4. Such lightness and ease in the manner, and such prodigious wealth and depth in the matter, are combined in no other writer, How the matter was first accumulated — what proportion of it was the acquired capital of former efforts, and what proportion of it welled up in the poet's mind during and in virtue of the very act of speech — it is impossible to say ; but this, at least, may be affirmed without fear of contradiction, that there never was a mind in the world from which, when it was prick by any occa.
sion whatever, there poured forth on the instant such a stream of precious substance intellectually related to it. By his powers of expression, in fact, Shakspeare has beggared all his posterity, and left mere practitioners of expression nothing possible to do.
5. There is, perhaps, not a thought, or feeling, or situation, really common and gener’ic to human life, on which he has not exercised his prerogative; and wherever he has once been, woe to the man that comes after him! He has overgrown the whole system and face of things, like a universal ivy, which has left no wall uncovered, no pinnacle unclimbed, no chink unpenetrated, Since he lived, the concretekl world has worn a richer surface. He found it great and beautiful, with stripes here and there of the rough old coat seen through the leafy labors of his predecessors; he left it clothed throughout with the wealth and autumnal luxuriance of his own unparalleled language.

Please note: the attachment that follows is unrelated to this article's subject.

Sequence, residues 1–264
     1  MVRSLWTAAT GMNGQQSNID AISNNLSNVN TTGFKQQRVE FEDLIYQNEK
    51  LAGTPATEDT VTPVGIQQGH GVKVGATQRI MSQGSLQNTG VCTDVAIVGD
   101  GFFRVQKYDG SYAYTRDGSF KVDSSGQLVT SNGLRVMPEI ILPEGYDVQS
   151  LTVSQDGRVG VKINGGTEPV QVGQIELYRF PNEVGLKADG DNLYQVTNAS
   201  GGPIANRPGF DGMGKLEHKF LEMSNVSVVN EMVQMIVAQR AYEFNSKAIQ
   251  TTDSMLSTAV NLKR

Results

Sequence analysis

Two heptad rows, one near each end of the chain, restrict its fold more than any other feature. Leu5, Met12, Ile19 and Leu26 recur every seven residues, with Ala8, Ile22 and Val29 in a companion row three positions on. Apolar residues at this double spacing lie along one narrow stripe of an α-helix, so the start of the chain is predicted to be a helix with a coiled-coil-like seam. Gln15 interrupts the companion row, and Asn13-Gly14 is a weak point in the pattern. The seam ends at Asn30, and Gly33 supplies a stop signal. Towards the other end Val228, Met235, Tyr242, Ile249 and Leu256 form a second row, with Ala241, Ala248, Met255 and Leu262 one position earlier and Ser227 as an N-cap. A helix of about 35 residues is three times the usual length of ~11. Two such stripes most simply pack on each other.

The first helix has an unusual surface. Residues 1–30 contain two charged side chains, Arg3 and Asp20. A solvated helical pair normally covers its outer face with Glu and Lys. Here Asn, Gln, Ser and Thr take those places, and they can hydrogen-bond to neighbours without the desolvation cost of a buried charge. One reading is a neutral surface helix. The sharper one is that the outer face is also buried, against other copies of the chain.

CXLVIII. - MORAL AND RELIGIOUS ELOQUENCE.
1. RELIGION ESSENTIAL TO MORALITY. – Of all the disposi tions and habits which lead to political prosperity, religion and morality are indispensable supports. In vain would that man claim the tribute of patriotism, who should labor to subvert these great pillars of human happiness, these firmest props of the duties of men and citizens. The mere politician, equally with the pious man, ought to respect and to cherish them. A volume could not trace all their connections with private and public felicity. Let it simply be asked, where is the security for property, for reputation, for life, if the sense of religious obligation desert the oaths which are the instruments of investigation in courts of justice? And let us with caution indulge the supposition that morality can be maintained without religion. Whatever may be conceded to the influence of refined education on minds of peculiar structure, reason and experience both forbid us to expect that national morality can prevail in exclusion of religious principles. - Geo. Washington.
2. UNAPPRECIATED OBLIGATIONS. — We live in the midst of blessings till we are utterly insensible of their greatness, and of the source from whence they flow. We speak of our civilization, our arts, cur freedom, our laws, and forget entirely how large a share is due to Christianity. Blot Christianity out of man's history, and what would his laws have been, what his civilization ? Christianity is mixed up with our very being and our very lifo